• Chantelle Vischer

OT Talk - ATTENTION! A milestone stone of milestones

Yeah! Today's post was written by Sajida Mitha an incredible OT (aren't we all though wink-wink) specialising in the field of early intervention. She is fun and oh so inspiring. We're blessed to be able to share in some of her insights today. Enjoy!

We all know that attention is an essential skill for learning. This isn’t just important when starting a play group or when your child is old enough to sit at a desk and focus on table top activities. Attention develops from birth and fostering good attention is super important right from the start.

As an Occupational Therapist with a special interest in early childhood intervention, I see a good number of 0-3 year olds for developmental screenings as a ‘check-up’ on their achievement of milestones. Parents are often surprised when we talk about their baby’s attention and some have even told me that this is something they would only start thinking about once their little one hits the three-year-old mark. So let's take a deeper look...

What influences a baby’s attention?

Attention is dependent on two major factors - the environment and social interactions. Research has found that when parents are emotionally supportive during play through their facial expressions and praising their child, this fosters greater interest in tasks and a refocus of attention to tasks.

As your baby’s gross motor skills develop, their interest in moving around and exploring their surroundings also grows. A stimulation-rich environment does not necessarily mean one that is full of toys, but rather a safe, non-restrictive environment with fewer toys is ideal for encouraging free play.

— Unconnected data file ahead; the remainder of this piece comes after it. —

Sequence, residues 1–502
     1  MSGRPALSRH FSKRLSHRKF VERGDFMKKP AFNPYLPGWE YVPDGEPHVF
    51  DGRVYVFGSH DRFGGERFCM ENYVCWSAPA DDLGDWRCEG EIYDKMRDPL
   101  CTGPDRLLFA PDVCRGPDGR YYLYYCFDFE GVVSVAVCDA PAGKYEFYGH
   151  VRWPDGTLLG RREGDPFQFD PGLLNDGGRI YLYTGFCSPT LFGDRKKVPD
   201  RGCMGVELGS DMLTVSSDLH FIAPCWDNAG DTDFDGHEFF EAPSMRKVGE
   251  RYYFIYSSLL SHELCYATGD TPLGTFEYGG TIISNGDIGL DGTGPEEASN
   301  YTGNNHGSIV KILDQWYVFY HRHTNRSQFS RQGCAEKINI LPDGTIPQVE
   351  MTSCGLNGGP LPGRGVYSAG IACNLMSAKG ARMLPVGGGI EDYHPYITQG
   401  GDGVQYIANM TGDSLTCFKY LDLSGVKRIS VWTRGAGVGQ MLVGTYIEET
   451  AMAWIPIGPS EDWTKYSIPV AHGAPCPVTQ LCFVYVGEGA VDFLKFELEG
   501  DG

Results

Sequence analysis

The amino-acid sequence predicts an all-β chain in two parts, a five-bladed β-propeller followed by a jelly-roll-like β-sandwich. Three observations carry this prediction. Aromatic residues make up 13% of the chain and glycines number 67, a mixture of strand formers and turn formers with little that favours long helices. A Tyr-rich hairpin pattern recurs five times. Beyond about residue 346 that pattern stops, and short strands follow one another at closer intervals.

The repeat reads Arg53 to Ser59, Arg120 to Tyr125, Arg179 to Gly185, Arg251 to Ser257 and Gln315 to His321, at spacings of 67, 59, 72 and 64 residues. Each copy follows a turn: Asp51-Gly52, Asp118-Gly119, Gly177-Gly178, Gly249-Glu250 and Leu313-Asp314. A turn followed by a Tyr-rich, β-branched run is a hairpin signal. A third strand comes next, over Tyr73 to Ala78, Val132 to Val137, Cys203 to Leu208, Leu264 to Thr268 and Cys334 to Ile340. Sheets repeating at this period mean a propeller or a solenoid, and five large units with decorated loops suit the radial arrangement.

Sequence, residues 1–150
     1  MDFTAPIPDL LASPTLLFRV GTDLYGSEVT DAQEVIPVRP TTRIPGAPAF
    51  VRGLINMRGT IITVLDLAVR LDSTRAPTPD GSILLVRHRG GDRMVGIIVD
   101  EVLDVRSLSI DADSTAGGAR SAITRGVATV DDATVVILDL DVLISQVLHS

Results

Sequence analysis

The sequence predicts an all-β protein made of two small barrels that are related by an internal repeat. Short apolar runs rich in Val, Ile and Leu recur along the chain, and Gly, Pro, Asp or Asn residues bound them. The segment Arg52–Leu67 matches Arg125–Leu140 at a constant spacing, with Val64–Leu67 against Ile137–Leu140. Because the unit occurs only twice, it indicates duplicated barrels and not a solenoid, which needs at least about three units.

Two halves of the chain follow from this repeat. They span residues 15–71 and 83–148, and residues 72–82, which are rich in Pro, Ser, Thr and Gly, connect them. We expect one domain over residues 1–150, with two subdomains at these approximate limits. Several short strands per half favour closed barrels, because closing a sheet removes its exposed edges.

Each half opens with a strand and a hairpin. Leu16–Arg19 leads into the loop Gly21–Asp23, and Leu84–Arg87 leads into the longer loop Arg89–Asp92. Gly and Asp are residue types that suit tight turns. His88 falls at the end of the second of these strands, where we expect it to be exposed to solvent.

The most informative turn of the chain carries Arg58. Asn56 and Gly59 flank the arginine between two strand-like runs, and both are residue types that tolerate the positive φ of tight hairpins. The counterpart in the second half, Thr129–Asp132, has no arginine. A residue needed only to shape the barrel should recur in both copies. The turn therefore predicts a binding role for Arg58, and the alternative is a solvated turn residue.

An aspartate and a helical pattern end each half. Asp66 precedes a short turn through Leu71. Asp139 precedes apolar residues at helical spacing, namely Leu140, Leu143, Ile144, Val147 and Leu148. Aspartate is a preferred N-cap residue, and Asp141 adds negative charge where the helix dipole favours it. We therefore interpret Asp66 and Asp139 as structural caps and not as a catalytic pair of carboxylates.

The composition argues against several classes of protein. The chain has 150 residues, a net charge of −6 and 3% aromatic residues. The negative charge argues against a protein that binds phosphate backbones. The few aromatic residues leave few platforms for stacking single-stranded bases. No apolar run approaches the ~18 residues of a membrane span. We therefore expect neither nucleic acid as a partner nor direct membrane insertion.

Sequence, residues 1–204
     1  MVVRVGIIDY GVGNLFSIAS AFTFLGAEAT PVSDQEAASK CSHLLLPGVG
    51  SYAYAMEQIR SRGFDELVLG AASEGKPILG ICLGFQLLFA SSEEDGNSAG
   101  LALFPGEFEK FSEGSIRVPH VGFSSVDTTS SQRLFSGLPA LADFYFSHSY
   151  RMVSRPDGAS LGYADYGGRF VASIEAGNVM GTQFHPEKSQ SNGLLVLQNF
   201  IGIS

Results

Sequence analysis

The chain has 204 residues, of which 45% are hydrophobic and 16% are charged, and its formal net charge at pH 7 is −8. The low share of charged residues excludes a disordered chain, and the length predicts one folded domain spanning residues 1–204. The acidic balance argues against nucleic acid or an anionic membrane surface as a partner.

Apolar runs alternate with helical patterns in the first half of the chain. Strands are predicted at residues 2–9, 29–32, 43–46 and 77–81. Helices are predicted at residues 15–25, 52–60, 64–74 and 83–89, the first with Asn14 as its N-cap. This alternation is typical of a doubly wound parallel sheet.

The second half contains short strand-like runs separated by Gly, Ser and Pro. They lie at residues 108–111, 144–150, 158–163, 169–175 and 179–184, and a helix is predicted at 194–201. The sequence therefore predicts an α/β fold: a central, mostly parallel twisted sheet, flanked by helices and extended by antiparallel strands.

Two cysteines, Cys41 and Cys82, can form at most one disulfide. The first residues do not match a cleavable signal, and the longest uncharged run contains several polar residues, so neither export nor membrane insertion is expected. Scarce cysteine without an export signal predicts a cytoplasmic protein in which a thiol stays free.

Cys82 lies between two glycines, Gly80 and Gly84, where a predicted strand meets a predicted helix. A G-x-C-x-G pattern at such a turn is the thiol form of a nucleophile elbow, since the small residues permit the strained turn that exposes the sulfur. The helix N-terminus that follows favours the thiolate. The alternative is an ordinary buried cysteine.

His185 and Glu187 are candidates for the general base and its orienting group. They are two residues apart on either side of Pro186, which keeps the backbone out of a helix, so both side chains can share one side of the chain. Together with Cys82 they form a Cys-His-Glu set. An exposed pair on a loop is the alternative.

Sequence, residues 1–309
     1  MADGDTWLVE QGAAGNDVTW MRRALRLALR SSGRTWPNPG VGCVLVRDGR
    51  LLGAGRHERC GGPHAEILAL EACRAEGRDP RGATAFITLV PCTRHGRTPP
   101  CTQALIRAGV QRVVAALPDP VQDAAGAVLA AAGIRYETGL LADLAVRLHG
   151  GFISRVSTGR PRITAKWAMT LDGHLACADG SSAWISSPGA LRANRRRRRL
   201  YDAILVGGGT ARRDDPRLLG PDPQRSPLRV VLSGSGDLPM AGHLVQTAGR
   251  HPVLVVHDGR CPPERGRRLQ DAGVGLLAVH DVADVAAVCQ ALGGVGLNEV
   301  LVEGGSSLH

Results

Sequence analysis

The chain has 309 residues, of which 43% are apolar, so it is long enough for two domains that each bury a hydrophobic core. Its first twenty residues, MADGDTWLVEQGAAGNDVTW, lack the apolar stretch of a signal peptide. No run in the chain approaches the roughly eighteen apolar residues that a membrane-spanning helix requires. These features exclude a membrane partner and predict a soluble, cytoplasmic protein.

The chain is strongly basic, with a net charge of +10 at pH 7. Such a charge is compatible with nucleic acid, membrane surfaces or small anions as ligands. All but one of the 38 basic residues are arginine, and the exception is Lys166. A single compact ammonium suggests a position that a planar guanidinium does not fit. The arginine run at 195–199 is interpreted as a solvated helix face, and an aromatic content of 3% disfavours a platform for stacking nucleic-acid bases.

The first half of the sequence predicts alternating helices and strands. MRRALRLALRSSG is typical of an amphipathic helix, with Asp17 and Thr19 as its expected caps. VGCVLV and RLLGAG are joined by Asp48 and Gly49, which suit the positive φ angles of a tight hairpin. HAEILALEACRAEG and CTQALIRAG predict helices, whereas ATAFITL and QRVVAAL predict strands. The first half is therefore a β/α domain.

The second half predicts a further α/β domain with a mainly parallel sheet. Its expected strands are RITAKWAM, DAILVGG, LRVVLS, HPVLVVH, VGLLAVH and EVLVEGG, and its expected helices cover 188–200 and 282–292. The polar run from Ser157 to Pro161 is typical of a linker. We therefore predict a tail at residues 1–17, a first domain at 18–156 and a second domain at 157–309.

When and how does attention develop?

Eye movements and visual attention become more intentional at around three months. Between three to six months, a baby is still limited in their ability to explore their world. Visual attention therefore plays a huge role in helping them learn about their world. Their increasing interest in people and objects around them motivates them to learn and develop new skills.

From about six months, attention systems become more functional and a baby starts to develop the ability to focus their attention. And at around nine months old, joint attention starts to emerge. This means sharing an interest in an activity or object with another person. For example, if a musical toy makes them laugh, they will laugh and then look at you for your reaction. By 12 months, most babies will point to an object of interest to communicate a want or need. This continues to develop up to around 18 months of age. Joint attention is an important prerequisite for developing social and communication skills. At the end of the first year, a baby should be able to focus their attention on an interesting activity even in the presence of distractions. In this way their ability to sustain attention also develops.

How can I work on my baby’s attention span?

0-6 months

  • Use face play to encourage your baby to pay attention to your facial expressions.

  • Give and take interaction such as tickling, and games such as peek-a-boo are great ways to encourage attention.

6-12 months